Tuesday, September 29, 2015

What are Biofilms and Why Should You Care?

I have been getting a lot of questions about biofilms lately.  So what is a biofilm, and should it be an issue in a functional medicine practice?

A biofilm is any group of microorganisms in which cells stick to each other on a surface.  Microbes form a biofilm in response to many factors, not the least of which is nutritional cues.  The questions I have been getting are usually in regard to the pathogenic kind and their impact on the gut microbiota, because biofilms, like any microorganism, can be both beneficial to human health or harmful, depending on the nature of the microorganism.  

Here's some basic facts about biofilms:
  • ALL bacteria live in a biofilm.
  • Good bacteria themselves – regardless of strain – produce a healthy biofilm.
  • All good bacteria produce various bacteriocins – such as the strains used in Ultra Flora Women's and Ultra Flora Integrity and Ultra Flora Acute Care, etc – to aid in restoring microbial balance.
  • Bad biofilms are due to the bad bacteria themselves. To reduce pathogenic biofilm focus less on specific probiotic strains and more on overall good biosis (i.e. 5R Gastrointestinal restoration program).

Since biofilms are colonies of organisms, most all intestinal organisms, including good flora, reside in a biofilm. These biofilms also allow organisms to attach to the intestinal wall. Enzyme type oral ‘biofilm’ disruptors are often suggested as a counter to pathogenic biofilm formation. Along these lines, Spectrazyme Complete is a broad spectrum enzyme formula that could be useful as a pathogenic biofilm disrupter. Of course, Spectrazyme Complete is not labeled for biofilms, but the effectiveness of this type of ‘biofilm buster’ is a strong possibility, albeit a bit more theoretical (Petri dish). 

Petri dishes are often like Las Vegas. At times what happens in a Petri dish stays in a Petri dish and is not necessarily applicable in the complex human digestive tract.  That being said, there may be merit nevertheless in using enzymes for helping to support healthy GI microbiota.  

If desiring a comprehensive approach, consider that a biofilm is more driven by dysbiosis itself (is produced by the dysbiotic organisms themselves). A 5R program utilizing GI-active herbals such as the berberine complex in CandiBactin BR or bacteriocin production products like Ultra Flora Restore or Ultra Flora Women's, and/or prescriptive antimicrobials followed by the remainder of the program seems applicable. Colostrum-like support (whey immunoglobulins and prebiotics -- think Probioplex Intensive Care) can further support proper biosis by decreasing the adherence of these pathogenic organisms to the GI wall (lactoferrin, lactoperoxidase). Also, part of 5R includes the use of enzymes mainly to support proper digestion.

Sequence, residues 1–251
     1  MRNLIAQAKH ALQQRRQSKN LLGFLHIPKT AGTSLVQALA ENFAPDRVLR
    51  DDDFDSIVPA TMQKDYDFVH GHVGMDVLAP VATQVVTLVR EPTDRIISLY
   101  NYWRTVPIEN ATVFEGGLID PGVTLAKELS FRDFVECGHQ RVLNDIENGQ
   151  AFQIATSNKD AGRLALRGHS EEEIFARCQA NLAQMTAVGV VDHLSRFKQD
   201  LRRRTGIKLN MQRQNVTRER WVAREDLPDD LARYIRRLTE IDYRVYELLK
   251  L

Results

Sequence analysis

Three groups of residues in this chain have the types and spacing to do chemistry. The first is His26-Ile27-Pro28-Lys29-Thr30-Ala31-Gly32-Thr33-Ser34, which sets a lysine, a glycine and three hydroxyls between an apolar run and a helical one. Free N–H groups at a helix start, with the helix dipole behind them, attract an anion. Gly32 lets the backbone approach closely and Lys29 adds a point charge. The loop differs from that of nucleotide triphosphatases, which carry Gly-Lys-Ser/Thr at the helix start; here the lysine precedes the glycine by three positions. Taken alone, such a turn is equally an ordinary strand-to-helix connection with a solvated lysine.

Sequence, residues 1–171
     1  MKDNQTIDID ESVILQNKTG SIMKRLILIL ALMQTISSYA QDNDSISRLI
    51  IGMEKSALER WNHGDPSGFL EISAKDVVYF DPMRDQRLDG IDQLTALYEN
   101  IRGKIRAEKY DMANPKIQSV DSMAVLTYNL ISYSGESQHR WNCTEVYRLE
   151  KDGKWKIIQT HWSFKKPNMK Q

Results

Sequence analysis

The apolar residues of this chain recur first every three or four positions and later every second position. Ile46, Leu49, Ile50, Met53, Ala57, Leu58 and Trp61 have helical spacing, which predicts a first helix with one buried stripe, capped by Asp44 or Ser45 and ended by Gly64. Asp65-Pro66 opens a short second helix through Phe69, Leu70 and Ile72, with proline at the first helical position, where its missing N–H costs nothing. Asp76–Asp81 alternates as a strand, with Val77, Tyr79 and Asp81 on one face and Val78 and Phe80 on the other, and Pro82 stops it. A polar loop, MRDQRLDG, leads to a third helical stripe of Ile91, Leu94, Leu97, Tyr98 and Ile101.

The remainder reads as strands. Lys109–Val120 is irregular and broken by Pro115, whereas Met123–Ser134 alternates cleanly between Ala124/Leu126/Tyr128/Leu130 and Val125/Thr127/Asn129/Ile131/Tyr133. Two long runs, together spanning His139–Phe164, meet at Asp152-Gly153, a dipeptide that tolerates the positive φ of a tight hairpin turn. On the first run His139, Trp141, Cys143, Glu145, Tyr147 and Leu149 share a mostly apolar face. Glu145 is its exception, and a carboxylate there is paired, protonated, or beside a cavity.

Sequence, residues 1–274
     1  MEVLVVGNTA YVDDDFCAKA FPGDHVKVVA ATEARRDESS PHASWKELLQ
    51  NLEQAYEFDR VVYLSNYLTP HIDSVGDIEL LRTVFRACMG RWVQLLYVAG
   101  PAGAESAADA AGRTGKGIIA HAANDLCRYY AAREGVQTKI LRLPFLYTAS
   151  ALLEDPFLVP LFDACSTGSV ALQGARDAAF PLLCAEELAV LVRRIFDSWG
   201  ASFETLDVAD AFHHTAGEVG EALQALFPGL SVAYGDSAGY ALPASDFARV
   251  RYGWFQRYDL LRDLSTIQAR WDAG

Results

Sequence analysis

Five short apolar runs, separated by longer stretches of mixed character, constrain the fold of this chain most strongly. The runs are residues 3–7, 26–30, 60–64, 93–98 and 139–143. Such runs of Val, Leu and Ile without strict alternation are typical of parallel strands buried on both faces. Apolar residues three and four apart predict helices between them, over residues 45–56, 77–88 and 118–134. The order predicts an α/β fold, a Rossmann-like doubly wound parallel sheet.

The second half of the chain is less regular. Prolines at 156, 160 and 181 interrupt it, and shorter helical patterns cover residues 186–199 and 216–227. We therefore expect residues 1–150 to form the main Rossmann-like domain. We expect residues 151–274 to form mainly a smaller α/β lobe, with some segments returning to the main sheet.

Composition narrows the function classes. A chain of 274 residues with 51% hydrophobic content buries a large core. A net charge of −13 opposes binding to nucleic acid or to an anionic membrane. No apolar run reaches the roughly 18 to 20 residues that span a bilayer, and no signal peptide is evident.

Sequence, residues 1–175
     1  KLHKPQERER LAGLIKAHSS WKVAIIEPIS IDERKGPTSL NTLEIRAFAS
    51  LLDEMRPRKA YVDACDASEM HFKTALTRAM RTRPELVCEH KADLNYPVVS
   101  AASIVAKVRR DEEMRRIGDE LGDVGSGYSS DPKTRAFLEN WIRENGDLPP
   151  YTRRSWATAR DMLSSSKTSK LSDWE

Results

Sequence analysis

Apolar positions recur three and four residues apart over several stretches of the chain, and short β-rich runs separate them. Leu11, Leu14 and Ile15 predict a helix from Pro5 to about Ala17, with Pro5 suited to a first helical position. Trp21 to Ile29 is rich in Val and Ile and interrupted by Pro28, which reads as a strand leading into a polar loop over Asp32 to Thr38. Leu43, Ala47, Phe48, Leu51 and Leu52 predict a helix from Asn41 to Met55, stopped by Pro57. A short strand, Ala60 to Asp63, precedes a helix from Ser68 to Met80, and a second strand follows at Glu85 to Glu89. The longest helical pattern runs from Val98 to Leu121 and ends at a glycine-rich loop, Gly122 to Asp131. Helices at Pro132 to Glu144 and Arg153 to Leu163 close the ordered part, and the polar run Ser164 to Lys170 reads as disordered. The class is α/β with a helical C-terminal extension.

Of particular interest is the evidence showing that those more susceptible to pathogenic biofilm colonization had reduced numbers of probiotic strains in the gut.   

“...Biofilms are communities of [established] microorganisms residing within a self-produced matrix of exopolymers. Microbes prefer living within biofilms, which protect them from dislodgement, predation, host immune responses, and antimicrobial agents...Macfarlane noted that microbes inhabiting biofilm are more efficient at fermenting long-chain polysaccharides than are free-living luminal bacteria, which appear to chiefly ferment oligosaccharides. Microorganisms within biofilms in the mucus layer overlying the intestinal mucosa are more likely to interact with the host's immune system, and these interactions may be healthful or harmful depending on the organisms involved. She noted data showing that microbial gastrointestinal biofilm communities in patients with ulcerative colitis contain significantly fewer bifidobacteria and higher numbers of anaerobic gram-positive cocci, peptostreptococci, enterococci, and enterobacteria. Macfarlane reviewed both in vivo and in vitro evidence that the prebiotic inulin [FOS] can significantly increase intestinal biofilm bifidobacterial populations while simultaneously decreasing biofilm populations of Clostridium, Bacteroides, Fusobacterium, and Enterobacteraceae species, and at the same time inhibit pathogen activity and reduce C. difficile toxin concentrations...” http://www.townsendletter.com/FebMarch2009/probiotic0209.htm

While the use of the term "biofilm" seems novel and cutting edge, actually, it is simply another way of describing dysbiosis.  The approaches that experienced functional medicine and nutritionally-based holistic practitioners have been using for healthy GI microbiota all along are effective in establishing a GI environment that is antagonistic to unhealthy biofilms and encouraging of the healthy biofilms, because at the end of the day it's still about good bugs vs. bad bugs.